Olympic village converted to Christian centre - news from ekklesia

By staff writers
May 10, 2005

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Olympic village converted to Christian centre


Part of the site of the Olympic Games in 2004 is being transformed this week into a global meeting point for Christians from 105 countries, writes Simon Barrow for Ekklesia in Athens, Greece.

The Agios Andreas Recreational Centre in Attiki, near Athens, formed the hub of media operations for the Games. It is now mainly used by officers of the Greek army. For seven days, however, the military is taking a back seat to a historic meeting about the future of Christian mission ñ one focusing on the healing, reconciling and peacemaking vocation of the churches in a divided and violent world.

The event is the thirteenth Conference on World Mission and Evangelism (CWME), organized by the World council of Churches and hosted by the Orthodox Church of Greece along with representatives of the Catholic Church, the Evangelical Church of Greece, the Armenian Orthodox Church, Apostoliki Diakonia and the Greek Bible Society.

The aim of the gathering is to provide an opportunity for practical exchange about the future of Christian witness and priorities in global mission. Many participants have traveled from the worldís hotspots, including the Middle East, to discuss how the Gospel can help overcome violence and build a culture of peace

Over 600 delegates plus another 100 advisers and media are being housed in a picturesque village of bungalows and apartments looking out over the sea. Each morning and evening small gatherings of participants mushroom across the site to share in Bible study, hospitality and reflection.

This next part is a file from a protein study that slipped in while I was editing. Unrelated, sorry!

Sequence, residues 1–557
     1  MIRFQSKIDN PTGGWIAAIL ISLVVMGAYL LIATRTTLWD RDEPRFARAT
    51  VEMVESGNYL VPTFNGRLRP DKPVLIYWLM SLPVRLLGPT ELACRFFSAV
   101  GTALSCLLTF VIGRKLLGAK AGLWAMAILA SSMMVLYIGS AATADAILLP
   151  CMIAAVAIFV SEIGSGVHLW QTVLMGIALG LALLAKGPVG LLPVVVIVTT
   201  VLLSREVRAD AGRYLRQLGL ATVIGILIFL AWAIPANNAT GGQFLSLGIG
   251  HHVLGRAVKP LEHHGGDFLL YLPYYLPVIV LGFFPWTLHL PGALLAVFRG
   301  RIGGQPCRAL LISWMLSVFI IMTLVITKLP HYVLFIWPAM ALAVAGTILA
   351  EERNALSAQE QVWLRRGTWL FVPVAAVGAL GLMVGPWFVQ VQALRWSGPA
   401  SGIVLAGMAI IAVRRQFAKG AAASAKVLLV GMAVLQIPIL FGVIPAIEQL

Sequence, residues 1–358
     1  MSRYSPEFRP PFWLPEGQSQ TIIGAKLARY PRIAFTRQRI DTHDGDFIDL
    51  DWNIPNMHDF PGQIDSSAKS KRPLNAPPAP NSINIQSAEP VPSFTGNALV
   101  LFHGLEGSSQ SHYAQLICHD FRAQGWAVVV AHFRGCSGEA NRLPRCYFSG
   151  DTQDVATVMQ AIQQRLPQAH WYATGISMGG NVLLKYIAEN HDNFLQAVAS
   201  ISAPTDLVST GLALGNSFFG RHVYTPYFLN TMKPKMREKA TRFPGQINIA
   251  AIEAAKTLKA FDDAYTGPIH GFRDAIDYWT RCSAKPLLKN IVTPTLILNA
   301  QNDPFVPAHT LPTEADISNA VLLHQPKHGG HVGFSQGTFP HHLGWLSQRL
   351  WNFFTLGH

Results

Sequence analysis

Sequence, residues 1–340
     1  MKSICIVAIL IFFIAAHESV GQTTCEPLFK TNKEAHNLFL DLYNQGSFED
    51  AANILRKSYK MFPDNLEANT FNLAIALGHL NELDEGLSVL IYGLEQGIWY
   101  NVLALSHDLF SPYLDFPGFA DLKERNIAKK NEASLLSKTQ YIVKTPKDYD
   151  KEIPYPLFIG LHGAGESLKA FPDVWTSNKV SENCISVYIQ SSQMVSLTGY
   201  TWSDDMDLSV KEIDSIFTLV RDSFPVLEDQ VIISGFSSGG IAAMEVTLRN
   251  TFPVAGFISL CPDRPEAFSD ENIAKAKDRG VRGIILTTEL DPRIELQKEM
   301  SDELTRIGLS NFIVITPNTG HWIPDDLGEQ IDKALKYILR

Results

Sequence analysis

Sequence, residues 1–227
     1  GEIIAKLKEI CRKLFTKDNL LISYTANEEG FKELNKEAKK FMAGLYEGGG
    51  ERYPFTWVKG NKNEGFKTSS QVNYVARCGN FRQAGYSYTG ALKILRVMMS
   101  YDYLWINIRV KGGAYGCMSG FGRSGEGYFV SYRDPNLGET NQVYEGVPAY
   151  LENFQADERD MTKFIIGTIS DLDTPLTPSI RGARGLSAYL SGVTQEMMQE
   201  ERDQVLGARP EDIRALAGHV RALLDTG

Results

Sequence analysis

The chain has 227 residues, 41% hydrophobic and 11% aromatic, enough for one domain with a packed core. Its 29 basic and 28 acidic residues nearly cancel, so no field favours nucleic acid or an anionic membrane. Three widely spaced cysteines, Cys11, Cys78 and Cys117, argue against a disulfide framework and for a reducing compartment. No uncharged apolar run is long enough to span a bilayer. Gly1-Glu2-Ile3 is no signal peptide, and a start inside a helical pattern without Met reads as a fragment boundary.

The opening plenary was introduced this morning by the CWME moderator, the Rev Ruth Bottoms, a British Baptist who now lives and works from an alternative community in Pilsdon, England.

A welcome address on behalf of the local Church has come from the Archbishop of Athens and all of Greece, His Beatitude Christodoulos. A message is also due to be received from the Vatican, on behalf of Pope Benedict XVI.

While some Orthodox in other parts of the world have qualms about the ecumenical movement, the Archbishop of Athens has been openly supportive of it.

In 2003 Archbishop Christoloudos made an impassioned plea for the European Union to include mention of God and of the role of Christianity in its Constitution, a document that has since been mired in political argument.

One of the underlying issues for the future of Christian mission is the question of church-state relations, as well as engagement with other religions, notably Islam. In different ways Protestant, Catholic and Orthodox churches have all made territoriality part of the way they organize themselves.

But this approach is questioned by Christians who emphasize witness within and towards society rather than concordats with governing authorities. They include those in the Anabaptist stream of faith, whose ecumenical presence is small but who are now represented (for the first time) by German Mennonite Fernando Enns on the WCC Central Committee.

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